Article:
Buckets of paint recycled during toxic roundup

The toxic roundup, held at the Fire Hall Sept. 13, proved once again that folks are eager to properly dispose of their household chemicals.

Fire Chief Ted Dillon helps sort paint at the toxic roundup Sept. 13 at the Ponoka Fire Hall.

Fire Chief Ted Dillon helps sort paint at the toxic roundup Sept. 13 at the Ponoka Fire Hall.

The toxic roundup, held at the Fire Hall Sept. 13, proved once again that folks are eager to properly dispose of their household chemicals.

Since the early 1990s, the roundup has given Ponoka town and county residents a chance to dispose of — or recycle — their household chemicals and old paint, explained Fire Chief Ted Dillon. Items such as batteries, aerosol cans, cleaners and fluorescent bulbs that need to be handled in a safe manner are taken during the roundup that occurs once a year.

Fire prevention co-ordinator Donna Noble says the biggest item received is paint. She enjoys seeing a large number of people coming to this big event.

“It’s great the community is aware of the environment and willing to recycle,” said Noble.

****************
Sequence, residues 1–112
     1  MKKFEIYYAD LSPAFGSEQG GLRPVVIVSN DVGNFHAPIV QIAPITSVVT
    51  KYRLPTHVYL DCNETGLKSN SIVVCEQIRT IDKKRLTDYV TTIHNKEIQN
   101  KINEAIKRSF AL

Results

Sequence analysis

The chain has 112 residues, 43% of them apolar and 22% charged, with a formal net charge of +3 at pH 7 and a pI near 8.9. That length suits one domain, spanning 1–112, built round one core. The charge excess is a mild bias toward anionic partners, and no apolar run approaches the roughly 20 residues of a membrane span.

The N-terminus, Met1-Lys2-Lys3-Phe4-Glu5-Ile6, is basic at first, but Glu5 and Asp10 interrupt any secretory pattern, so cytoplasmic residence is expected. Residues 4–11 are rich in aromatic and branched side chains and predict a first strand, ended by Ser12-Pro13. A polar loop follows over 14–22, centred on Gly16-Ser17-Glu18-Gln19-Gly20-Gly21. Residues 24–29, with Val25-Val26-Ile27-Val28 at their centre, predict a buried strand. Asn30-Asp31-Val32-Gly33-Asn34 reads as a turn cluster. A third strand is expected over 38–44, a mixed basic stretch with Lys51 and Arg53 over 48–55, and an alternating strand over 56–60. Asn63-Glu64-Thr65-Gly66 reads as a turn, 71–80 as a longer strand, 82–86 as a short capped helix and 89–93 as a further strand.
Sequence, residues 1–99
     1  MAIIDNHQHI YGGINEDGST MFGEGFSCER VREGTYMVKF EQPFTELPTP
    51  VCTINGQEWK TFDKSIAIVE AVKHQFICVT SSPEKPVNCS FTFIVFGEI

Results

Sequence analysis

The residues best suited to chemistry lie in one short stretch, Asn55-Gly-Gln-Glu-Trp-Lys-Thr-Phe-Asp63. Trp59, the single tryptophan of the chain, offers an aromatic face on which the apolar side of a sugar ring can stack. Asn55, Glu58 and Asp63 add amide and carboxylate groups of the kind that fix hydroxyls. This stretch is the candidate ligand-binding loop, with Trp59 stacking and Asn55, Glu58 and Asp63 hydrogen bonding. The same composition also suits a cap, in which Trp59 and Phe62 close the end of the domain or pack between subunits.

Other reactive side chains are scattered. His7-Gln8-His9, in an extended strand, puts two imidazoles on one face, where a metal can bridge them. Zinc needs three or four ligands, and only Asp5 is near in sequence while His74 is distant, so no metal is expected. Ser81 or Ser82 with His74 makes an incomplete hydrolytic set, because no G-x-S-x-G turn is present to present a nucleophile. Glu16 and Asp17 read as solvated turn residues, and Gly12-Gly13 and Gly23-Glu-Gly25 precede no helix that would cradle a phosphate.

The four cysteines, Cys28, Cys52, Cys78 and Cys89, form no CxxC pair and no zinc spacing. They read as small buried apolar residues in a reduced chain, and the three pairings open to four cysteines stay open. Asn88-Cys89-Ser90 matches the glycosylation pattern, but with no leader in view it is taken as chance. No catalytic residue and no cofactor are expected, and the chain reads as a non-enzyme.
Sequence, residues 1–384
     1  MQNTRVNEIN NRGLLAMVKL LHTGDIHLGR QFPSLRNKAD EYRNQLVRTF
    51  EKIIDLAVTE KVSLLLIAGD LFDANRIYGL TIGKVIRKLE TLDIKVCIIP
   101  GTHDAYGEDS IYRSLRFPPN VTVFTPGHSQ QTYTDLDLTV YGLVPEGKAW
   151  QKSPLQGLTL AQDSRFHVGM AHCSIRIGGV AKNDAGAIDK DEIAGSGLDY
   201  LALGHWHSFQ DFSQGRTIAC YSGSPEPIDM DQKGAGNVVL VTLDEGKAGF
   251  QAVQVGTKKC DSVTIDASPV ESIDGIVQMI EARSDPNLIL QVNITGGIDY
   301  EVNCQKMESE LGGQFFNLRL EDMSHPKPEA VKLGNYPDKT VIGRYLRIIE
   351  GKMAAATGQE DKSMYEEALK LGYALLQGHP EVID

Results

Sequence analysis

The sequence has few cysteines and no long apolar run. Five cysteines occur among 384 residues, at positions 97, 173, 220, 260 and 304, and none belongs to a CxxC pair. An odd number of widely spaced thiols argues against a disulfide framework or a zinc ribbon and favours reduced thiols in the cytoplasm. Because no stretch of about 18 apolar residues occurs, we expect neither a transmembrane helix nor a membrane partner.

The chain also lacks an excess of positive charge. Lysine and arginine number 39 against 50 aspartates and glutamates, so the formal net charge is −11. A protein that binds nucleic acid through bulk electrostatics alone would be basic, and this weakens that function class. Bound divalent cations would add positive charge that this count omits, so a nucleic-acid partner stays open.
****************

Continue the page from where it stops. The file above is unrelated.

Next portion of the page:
Clean Harbors in Red Deer is hired to handle the different chemicals, and if possible, the company sends latex paint to a recycling company in Calgary. A group out of Maskwacis also attended the toxic roundup to collect cans of paint that could still be used for community clean up projects, said Noble.

The Town of Ponoka and Ponoka County split the cost of hiring Clean Harbors to come and collect these items. Noble says there is a greater awareness from residents on environmental concerns. “Kudos to the residents for supporting the roundup and keeping the chemicals out of the landfill.”

A popular addition to the roundup was the recent involvement of Paper Cuts, a mobile paper shredding company. Many residents made use of the company’s services to shred old confidential documents.

“It’s very much appreciated in the community. It’s never gotten any smaller,” explained Dillon of the roundup.

A small group of volunteers including firefighters and residents helped crews sort through material brought in.